For the final production of the first season of performances at the renovated Howard Brubeck Theatre, Director Michael Mufson marked Palomar Performing Art as a center for cultural exchange in North County.
A scarcely known play titled “Esperanza Rising,” Lynne Alvarez’s adaptation of Pam Munoz Ryan’s young adult novel of the same name, serves as Mufson’s catalyst.
It is a coming of age story, among other things, of young Esperanza Ortega (Myra Zamora) as she tries to find herself after tragedy turns her world upside down.
The play opens with Esperanza lying down with her ear to the ground, listening for the earth’s heartbeat as the ensemble thumps rhythmically on their chests. A powerful image, but the musical number that follows is awkward.
The traditional Mexican music is not fashionable for the stage, and the ensemble was a hit and miss when it came to dramatic appropriateness.
Barbour’s acting was superb but she lost steam as the play progresses.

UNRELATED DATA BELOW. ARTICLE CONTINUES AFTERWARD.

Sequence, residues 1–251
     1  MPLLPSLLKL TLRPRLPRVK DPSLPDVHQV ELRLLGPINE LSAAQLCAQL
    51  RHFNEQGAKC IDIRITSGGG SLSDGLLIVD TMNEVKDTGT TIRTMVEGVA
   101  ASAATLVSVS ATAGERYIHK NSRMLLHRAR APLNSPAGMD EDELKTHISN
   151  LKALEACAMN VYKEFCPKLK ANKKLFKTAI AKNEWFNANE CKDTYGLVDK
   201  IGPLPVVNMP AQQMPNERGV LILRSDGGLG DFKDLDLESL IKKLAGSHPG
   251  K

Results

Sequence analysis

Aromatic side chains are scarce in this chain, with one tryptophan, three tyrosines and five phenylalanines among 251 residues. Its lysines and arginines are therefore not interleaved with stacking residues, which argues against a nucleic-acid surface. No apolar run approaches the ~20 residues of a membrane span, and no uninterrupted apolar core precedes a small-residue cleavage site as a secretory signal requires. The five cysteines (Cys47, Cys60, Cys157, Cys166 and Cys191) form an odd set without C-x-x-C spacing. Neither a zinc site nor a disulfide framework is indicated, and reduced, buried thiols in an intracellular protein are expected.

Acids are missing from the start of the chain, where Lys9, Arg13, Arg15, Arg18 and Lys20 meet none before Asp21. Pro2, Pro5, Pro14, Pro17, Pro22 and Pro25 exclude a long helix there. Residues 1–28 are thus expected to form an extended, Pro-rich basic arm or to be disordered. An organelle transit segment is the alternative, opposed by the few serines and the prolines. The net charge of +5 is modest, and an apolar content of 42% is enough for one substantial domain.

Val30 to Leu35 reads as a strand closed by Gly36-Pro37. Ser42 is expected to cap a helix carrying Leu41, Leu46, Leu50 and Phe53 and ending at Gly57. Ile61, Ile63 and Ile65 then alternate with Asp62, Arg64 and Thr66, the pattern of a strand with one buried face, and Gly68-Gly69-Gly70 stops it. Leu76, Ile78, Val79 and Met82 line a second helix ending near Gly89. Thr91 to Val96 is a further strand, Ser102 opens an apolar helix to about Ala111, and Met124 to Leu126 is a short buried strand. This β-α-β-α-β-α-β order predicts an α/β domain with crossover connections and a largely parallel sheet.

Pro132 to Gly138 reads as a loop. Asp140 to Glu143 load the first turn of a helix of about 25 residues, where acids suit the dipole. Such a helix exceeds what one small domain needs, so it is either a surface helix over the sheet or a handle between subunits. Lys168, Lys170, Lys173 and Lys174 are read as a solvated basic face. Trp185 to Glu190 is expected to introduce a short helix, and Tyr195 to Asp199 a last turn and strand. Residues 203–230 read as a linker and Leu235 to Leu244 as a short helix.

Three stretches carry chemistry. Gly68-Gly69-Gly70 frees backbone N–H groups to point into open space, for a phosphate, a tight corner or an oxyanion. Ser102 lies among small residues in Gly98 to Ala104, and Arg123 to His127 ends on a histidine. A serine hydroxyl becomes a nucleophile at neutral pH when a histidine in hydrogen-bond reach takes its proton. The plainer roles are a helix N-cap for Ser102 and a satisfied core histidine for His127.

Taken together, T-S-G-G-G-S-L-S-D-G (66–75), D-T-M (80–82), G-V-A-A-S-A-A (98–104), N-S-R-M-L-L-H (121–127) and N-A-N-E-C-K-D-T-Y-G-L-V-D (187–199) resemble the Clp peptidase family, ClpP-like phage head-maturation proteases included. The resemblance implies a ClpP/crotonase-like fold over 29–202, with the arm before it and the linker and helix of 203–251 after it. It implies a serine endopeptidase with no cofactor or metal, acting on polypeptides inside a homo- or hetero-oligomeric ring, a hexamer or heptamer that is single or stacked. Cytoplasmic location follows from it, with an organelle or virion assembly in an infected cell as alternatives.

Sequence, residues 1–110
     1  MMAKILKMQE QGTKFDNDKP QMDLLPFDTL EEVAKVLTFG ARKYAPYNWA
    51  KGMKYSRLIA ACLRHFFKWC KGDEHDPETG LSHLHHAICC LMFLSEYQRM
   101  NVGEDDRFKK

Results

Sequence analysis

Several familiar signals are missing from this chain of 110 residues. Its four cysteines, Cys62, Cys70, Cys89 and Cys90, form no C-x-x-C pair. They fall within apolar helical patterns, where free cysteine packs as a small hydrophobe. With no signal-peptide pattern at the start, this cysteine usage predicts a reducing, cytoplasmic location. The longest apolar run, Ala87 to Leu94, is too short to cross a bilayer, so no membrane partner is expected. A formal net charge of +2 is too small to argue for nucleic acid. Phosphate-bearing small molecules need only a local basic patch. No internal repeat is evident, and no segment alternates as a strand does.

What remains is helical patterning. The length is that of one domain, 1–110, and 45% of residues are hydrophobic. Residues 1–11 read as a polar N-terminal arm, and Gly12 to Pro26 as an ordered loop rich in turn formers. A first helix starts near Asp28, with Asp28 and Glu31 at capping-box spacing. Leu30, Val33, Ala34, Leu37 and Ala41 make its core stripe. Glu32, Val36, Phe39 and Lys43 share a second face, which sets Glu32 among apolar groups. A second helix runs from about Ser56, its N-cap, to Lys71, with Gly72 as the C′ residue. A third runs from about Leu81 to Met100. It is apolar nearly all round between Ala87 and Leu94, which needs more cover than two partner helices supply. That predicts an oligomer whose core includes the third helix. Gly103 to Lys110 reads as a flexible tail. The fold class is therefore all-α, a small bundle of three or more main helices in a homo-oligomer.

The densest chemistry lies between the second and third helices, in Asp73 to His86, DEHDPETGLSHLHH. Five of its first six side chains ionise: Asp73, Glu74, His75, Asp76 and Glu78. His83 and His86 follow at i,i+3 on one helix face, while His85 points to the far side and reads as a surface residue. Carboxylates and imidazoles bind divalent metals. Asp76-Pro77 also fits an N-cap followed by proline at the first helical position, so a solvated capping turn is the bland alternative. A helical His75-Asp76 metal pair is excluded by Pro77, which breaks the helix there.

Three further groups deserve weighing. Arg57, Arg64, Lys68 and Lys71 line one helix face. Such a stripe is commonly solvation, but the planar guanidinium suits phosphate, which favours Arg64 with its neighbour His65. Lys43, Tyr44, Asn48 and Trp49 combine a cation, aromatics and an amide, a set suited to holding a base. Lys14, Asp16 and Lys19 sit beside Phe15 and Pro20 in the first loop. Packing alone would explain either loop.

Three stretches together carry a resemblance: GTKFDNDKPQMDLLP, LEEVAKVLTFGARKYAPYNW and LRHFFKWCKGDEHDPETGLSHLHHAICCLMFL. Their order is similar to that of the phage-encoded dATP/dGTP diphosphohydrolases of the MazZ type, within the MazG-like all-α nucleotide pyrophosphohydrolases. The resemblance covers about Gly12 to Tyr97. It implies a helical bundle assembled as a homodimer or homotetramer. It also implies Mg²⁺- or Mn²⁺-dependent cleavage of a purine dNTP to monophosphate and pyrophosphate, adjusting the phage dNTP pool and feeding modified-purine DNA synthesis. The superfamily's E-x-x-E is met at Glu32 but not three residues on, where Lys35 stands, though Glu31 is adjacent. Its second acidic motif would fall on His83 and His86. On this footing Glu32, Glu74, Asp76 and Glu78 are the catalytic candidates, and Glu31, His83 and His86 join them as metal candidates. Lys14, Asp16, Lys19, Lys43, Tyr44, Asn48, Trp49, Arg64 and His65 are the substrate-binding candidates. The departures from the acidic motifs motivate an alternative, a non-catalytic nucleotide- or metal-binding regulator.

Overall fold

Ramona’s distress and suffering was very believable, thanks to Aguilar’s resilient disposition and moving vocals.
Decastro Jr. stumbled over his lines more than once, muddying an otherwise clean performance.
It was not until act two that we met Kayla Adorno, playing the quirky and effervescent Isabel. Adorno stole the show from the talented Zamora with her affirmative energy and compassion.
Zamora used her charisma to carry us through some of the rough patches in act one (and there most definitely were rough patches), but Adorno pulled us in with her Dee Dee-like idiosyncrasies.
Zamora and Adorno perform beautifully, but Mufson was more concerned with creating awareness for the Chicano condition than he was with theatrical development and quality.